the face of evil for you i mean i'm i've told other people i'm i'm a religious person i draw comfort from my religion but i don't i don't i don't think i have any special wisdom for you on that i just go home and try and process it meanwhile the nation's capital washington d.c. and moves on this afternoon the washington nationals played a baseball game just down the street again was canceled yesterday after the shooting but questions will continue to persist about how and why something like this happens to many americans have security clearance but shouldn't it too easy for the mentally ill to buy guns and what will the united states do to confront yet another mass shooting in washington same sex are to well just a few miles away from where that shooting took place a senate judiciary committee postponed a hearing set for the morning on the contentious stand your ground law this is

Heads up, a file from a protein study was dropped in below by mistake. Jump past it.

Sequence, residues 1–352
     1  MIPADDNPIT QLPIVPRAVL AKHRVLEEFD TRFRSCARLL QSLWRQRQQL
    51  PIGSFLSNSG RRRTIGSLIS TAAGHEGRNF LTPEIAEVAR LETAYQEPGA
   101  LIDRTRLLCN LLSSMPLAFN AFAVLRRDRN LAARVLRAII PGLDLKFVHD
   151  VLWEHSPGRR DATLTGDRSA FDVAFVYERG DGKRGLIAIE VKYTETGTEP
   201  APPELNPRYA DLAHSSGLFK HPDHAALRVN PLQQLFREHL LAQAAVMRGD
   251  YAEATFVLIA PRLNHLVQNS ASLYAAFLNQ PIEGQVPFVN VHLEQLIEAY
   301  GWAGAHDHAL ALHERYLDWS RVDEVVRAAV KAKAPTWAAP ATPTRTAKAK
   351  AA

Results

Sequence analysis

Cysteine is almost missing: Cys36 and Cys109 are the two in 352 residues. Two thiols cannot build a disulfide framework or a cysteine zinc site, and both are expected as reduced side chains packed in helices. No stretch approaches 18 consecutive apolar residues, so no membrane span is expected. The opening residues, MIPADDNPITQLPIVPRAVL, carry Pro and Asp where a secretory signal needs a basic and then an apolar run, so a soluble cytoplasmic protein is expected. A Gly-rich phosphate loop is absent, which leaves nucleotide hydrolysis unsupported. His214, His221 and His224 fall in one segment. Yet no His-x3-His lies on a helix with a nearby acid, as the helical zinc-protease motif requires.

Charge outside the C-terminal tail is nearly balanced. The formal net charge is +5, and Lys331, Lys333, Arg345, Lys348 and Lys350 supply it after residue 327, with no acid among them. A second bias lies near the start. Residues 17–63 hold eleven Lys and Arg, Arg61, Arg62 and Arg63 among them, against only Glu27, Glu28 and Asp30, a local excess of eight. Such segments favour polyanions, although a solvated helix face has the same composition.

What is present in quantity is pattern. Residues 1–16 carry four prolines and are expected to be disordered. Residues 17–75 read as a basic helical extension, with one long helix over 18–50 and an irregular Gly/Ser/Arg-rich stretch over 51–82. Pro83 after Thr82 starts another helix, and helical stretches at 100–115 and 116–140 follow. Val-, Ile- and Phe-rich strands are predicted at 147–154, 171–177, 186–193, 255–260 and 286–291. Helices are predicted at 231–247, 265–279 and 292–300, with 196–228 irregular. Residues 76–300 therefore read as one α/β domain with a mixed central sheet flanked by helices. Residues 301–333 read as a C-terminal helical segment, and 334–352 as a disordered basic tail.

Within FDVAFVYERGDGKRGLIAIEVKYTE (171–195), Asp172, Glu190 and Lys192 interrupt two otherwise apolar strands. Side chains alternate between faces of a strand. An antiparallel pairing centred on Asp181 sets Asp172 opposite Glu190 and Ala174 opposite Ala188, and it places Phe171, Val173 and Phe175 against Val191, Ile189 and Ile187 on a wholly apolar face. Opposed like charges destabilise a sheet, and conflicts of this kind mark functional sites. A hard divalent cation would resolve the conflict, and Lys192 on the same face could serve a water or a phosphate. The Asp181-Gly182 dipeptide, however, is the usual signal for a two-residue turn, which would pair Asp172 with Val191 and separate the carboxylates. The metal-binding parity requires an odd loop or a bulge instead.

along the george zimmerman used as a legal defense after shooting and killing seventeen year old trayvon martin trayvon mother was expected. to testify at that hearing along with the parents of another unarmed black teenager who was also shot and killed in florida this is a picture of jordan davis a seventeen year old boy who was shot to death last november while sitting in the back of seat of his friend's car at a gas station and this is a picture of the man who shot him forty six year old michael david done according to police reports done got into a verbal altercation with three boys who were sitting in the car next to him at the gas station after he told them to turn their music down then in the middle of the altar cation dunn pulled out his gun and fired a number of rounds into the car killing davis dunn is now claiming that he was standing his ground because he believed that he was in danger jordan davis's father ron joined me earlier along with his attorney john phillips ron told me everything